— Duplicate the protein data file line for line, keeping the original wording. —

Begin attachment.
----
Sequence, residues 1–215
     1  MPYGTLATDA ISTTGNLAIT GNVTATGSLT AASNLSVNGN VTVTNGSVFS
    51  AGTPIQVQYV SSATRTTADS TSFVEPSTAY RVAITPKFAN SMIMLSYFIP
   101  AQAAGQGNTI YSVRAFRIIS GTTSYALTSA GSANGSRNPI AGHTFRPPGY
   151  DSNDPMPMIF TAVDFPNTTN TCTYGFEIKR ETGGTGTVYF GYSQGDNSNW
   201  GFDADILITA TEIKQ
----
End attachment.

Sequence, residues 1–215
     1  MPYGTLATDA ISTTGNLAIT GNVTATGSLT AASNLSVNGN VTVTNGSVFS
    51  AGTPIQVQYV SSATRTTADS TSFVEPSTAY RVAITPKFAN SMIMLSYFIP
   101  AQAAGQGNTI YSVRAFRIIS GTTSYALTSA GSANGSRNPI AGHTFRPPGY
   151  DSNDPMPMIF TAVDFPNTTN TCTYGFEIKR ETGGTGTVYF GYSQGDNSNW
   201  GFDADILITA TEIKQ